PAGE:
Results from a pilot Phase I trial of gefitinib combined with docetaxel and estramustine in patients with hormone-refractory prostate cancer

Cancer. 2006 May 1;106(9):1917-24. doi: 10.1002/cncr.21831.


Background: Gefitinib, which is an orally active epidermal growth factor receptor tyrosine kinase inhibitor, has demonstrated activity against hormone-refractory prostate cancer (HRPC) in preclinical studies. In this pilot Phase I trial, the authors evaluated the tolerability, efficacy, and pharmacokinetics of gefitinib combined with estramustine and docetaxel in patients with HRPC.

Methods: Patients received gefitinib (at a dose of 250 mg/day or 500 mg/day) on each day of a 21-day treatment cycle. Docetaxel (at a dose of 60 mg/m(2)) was administered on Day 1, and estramustine (at a dose of 280 mg) was administered 3 times daily on Days 1 through 5.

Results: Fifteen patients were recruited at each gefitinib dose level. The most common adverse events observed were consistent with the known profiles of gefitinib, docetaxel, and estramustine. No dose-limiting toxicity was observed. Adverse events considered to be gefitinib related included diarrhea (n = 23 patients), rash (n = 8 patients), nausea (n = 7 patients), dry skin (n = 6 patients), and emesis (n = 6 patients). Overall, 9 of 22 evaluable patients (40.9%) experienced a pain response. and 9 of 30 patients (30%) had a prostate-specific antigen response. A partial objective tumor response was demonstrated in 1 of 13 evaluable patients (7.7%) in each dose group; the median time to progression for both doses combined was 185 days (range, 28-233 days). Data comparisons within individual patients suggested that docetaxel and estramustine had no effect on gefitinib steady-state levels. Gefitinib had no effect on docetaxel exposure at the 250-mg dose but decreased exposure at the 500-mg dose. However, gefitinib may increase exposure to estramustine, particularly at the 500 mg/day dose.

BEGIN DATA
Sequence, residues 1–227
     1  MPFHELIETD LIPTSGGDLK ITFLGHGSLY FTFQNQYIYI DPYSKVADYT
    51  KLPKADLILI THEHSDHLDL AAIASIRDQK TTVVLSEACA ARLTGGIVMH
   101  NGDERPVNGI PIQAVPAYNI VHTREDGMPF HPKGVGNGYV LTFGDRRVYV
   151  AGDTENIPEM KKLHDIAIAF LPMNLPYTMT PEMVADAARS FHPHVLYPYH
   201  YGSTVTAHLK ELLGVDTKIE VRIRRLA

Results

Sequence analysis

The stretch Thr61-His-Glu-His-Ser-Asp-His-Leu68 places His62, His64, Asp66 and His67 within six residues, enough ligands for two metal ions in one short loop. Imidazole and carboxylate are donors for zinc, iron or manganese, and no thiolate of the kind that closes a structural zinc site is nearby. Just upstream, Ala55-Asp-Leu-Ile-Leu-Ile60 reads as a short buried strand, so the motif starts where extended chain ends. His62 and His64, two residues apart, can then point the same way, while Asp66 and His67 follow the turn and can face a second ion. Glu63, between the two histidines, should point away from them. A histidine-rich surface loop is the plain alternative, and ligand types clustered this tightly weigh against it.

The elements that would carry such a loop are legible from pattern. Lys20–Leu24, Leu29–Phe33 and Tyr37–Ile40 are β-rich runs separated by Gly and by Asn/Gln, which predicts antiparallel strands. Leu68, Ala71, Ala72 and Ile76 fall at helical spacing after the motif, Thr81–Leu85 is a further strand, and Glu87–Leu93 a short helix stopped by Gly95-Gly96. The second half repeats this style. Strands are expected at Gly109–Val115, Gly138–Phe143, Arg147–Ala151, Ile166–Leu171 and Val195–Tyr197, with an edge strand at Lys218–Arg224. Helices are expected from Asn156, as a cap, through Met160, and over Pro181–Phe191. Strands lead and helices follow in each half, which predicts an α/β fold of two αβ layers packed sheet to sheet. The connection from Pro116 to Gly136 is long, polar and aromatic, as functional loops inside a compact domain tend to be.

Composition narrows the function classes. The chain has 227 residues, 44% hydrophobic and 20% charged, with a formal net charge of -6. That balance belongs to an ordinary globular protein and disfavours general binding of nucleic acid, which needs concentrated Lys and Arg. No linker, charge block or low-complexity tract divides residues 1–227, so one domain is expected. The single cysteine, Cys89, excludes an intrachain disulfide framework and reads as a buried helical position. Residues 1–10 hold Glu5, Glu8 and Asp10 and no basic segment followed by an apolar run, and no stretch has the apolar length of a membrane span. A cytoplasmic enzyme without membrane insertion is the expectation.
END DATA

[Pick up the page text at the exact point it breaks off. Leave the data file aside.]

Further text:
Conclusions: The results of the current study demonstrated that gefitinib combined with estramustine and docetaxel had acceptable and predictable tolerability. However, it is unclear whether gefitinib provides an additional clinical benefit over docetaxel and estramustine alone.

Publication types

  • Clinical Trial, Phase I
  • Multicenter Study

MeSH terms

  • Adult
  • Aged
  • Antineoplastic Combined Chemotherapy Protocols / therapeutic use*
  • Area Under Curve
  • Docetaxel
  • Estramustine / administration & dosage
  • Estramustine / adverse effects
  • Estramustine / pharmacokinetics
  • Gefitinib
  • Humans
  • Male
  • Middle Aged
  • Neoplasms, Hormone-Dependent / drug therapy*
  • Prostate-Specific Antigen / blood
  • Prostatic Neoplasms / drug therapy*
  • Quinazolines / administration & dosage
  • Quinazolines / adverse effects
  • Quinazolines / pharmacokinetics
  • Taxoids / administration & dosage
  • Taxoids / adverse effects
  • Taxoids / pharmacokinetics


  • Quinazolines
  • Taxoids
  • Docetaxel
  • Estramustine
  • Prostate-Specific Antigen
  • Gefitinib